Medical Image Encryption: An Application for Improved Padding Based GGH Encryption Algorithm

Massoud Sokouti1, Ali Zakerolhosseini2, Babak Sokouti3, *
1 Nuclear Medicine Research Center, Mashhad University of Medical Sciences, Mashhad, Iran
2 Faculty of Electrical and Computer Engineering, Shahid Beheshti University, Tehran, Iran
3 Biotechnology Research Center, Tabriz University of Medical Sciences, Tabriz, Iran

Article Metrics

CrossRef Citations:
Total Statistics:

Full-Text HTML Views: 753
Abstract HTML Views: 646
PDF Downloads: 179
ePub Downloads: 72
Total Views/Downloads: 1650
Unique Statistics:

Full-Text HTML Views: 484
Abstract HTML Views: 373
PDF Downloads: 125
ePub Downloads: 59
Total Views/Downloads: 1041

© Sokouti et al.; Licensee Bentham Open

open-access license: This is an open access article licensed under the terms of the Creative Commons Attribution-Non-Commercial 4.0 International Public License (CC BY-NC 4.0) (, which permits unrestricted, non-commercial use, distribution and reproduction in any medium, provided the work is properly cited.

* Address correspondence to this author at the Biotechnology Research Center, Tabriz University of Medical Sciences, Tabriz, Iran; Tel: +98 41 3336 40 38; Fax: +98 41 3337 94 20; E-mails:,


Medical images are regarded as important and sensitive data in the medical informatics systems. For transferring medical images over an insecure network, developing a secure encryption algorithm is necessary. Among the three main properties of security services (i.e., confidentiality, integrity, and availability), the confidentiality is the most essential feature for exchanging medical images among physicians. The Goldreich Goldwasser Halevi (GGH) algorithm can be a good choice for encrypting medical images as both the algorithm and sensitive data are represented by numeric matrices. Additionally, the GGH algorithm does not increase the size of the image and hence, its complexity will remain as simple as O(n2). However, one of the disadvantages of using the GGH algorithm is the Chosen Cipher Text attack. In our strategy, this shortcoming of GGH algorithm has been taken in to consideration and has been improved by applying the padding (i.e., snail tour XORing), before the GGH encryption process. For evaluating their performances, three measurement criteria are considered including (i) Number of Pixels Change Rate (NPCR), (ii) Unified Average Changing Intensity (UACI), and (iii) Avalanche effect. The results on three different sizes of images showed that padding GGH approach has improved UACI, NPCR, and Avalanche by almost 100%, 35%, and 45%, respectively, in comparison to the standard GGH algorithm. Also, the outcomes will make the padding GGH resist against the cipher text, the chosen cipher text, and the statistical attacks. Furthermore, increasing the avalanche effect of more than 50% is a promising achievement in comparison to the increased complexities of the proposed method in terms of encryption and decryption processes.

Keywords: Encryption, GGH, Matrices, Medical image, Padding, Public key.


Image encryption is one of the important fields of cryptography and one of the best known algorithms used in this realm is the DES (Data Encryption Standard) algorithm which requires less time while considering the computational costs [1, 2]. A digital image can be considered as a two dimensional matrix or a square array of numbers. The elements of this array are called pixels. The value of these pixels are digital numbers and since we can show it as a matrix that each pixel can be denoted by a position as (row, column). By encrypting an image, it is meant to apply a symmetric or asymmetric encryption algorithm on an input image to be converted into a cipher image using either symmetric or asymmetric keys [3, 4]. Symmetric ciphers only use one key for encryption and decryption processes while asymmetric ciphers use two different key pairs (i.e., public and private keys) [5].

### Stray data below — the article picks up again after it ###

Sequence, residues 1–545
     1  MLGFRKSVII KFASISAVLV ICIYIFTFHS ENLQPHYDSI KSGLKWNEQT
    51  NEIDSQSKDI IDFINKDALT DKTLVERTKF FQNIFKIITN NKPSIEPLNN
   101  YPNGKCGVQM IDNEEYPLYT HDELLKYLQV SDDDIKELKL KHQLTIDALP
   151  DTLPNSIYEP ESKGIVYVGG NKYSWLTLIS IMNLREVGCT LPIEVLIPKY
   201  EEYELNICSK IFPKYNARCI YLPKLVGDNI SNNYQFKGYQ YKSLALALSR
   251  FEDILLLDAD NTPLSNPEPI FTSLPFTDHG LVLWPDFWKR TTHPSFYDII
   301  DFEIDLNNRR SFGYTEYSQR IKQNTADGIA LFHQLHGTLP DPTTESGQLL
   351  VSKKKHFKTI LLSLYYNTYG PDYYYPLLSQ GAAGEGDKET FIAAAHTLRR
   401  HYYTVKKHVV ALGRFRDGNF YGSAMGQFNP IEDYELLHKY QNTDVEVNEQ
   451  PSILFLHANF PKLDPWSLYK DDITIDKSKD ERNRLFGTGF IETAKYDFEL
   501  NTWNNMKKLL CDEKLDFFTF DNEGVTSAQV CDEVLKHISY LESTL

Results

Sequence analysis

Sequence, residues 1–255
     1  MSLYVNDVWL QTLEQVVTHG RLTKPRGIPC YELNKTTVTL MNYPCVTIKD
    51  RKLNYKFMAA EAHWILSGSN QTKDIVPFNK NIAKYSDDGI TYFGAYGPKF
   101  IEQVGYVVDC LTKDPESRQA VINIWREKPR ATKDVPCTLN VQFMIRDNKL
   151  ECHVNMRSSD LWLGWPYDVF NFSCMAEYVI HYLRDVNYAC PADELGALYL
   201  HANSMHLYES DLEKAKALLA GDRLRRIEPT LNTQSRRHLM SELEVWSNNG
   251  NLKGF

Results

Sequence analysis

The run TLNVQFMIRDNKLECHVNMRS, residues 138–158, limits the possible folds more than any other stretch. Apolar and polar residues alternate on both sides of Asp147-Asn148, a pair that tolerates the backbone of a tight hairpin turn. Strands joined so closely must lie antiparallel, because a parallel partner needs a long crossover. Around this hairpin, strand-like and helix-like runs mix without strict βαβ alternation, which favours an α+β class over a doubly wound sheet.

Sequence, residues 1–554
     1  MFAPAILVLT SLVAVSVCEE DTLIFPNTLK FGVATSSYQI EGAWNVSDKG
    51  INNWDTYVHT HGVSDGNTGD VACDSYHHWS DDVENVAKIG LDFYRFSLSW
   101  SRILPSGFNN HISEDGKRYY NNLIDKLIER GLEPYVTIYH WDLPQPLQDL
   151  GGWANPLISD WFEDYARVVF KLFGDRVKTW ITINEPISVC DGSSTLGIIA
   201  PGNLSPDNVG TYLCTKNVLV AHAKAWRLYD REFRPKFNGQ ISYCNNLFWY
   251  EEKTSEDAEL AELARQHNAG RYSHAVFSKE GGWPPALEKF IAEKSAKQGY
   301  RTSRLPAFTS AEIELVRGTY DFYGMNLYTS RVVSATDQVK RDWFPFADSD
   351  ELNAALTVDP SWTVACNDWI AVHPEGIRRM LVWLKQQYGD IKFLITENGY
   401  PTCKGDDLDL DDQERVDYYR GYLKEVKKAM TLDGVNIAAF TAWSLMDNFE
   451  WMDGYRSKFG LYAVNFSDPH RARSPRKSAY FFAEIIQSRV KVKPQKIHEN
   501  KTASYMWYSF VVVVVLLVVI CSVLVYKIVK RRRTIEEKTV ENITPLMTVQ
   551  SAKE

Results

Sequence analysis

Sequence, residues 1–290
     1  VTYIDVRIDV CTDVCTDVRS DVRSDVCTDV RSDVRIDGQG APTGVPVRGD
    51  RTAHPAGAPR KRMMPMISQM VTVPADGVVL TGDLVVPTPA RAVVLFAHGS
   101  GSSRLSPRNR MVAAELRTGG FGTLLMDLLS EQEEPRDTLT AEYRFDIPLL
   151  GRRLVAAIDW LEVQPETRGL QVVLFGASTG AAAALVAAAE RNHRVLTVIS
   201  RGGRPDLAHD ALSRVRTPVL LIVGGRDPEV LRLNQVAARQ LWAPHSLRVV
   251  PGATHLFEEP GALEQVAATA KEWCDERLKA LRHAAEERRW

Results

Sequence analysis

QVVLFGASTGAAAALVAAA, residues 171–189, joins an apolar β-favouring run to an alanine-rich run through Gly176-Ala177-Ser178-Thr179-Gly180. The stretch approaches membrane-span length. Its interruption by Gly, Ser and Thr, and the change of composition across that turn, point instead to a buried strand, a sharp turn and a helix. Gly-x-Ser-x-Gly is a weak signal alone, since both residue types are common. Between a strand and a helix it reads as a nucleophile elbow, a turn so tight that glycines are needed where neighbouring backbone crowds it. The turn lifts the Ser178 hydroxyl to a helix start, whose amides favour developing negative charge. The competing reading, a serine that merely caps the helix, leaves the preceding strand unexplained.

An encryption/decryption algorithm is considered as strong while it can resist against most well known attacks such as known-plaintext and ciphertext-only attacks [6]. One of the most important topics in exchanging sensitive information among medical physicians is to provide security for medical images. Thus encryption methods are necessary to provide a robust secure environment for both data and images. The sameness property in recent algorithms make them easy to be broken, so for this purpose a simple lattice based public key encryption algorithm can be implemented by using the Goldreich Goldwasser Halevi (GGH) based on numeric matrices. The important factors which makes the GGH algorithm fitted best for medical image encryption are: (i) it is based on public key cryptosystem, (ii) it has a numerical matrix/lattice based scheme which is suitable for images, and (iii) it has the low calculation cost and fastness properties. Based on the architecture of the GGH encryption algorithm, the size of ciphered image will be the same as the original image, but the bit sizes of cipher image will be increased while being compared to the original image. The other advantage of the GGH for image encryption is placed in the decryption process. Most of the time, GGH produce errors in decrypted data and makes it inaccurate as this error exists only at the right LSB bits (least significant bits), so the pixel will not change a lot and hence, the original image can be retrieved easily. The other best known lattice based cryptography is NTRU. NTRU can work as well as GGH but it can have some problems in encryption. NTRU uses negabinary system, so this can increase the size of the matrix by four times and it can reduce the computation speed in high resolution images. On the other hand, if an error occurred in the decryption process, this error may be at the MSB (Most significant bits) bits and can destroy the pixels of the image. That is why NTRU is not suitable for image encryption frameworks. The paper is organized as follows: starting with the literature reviews, the GGH algorithm, implementation of the proposed algorithm, and results and discussion followed by conclusions and future works.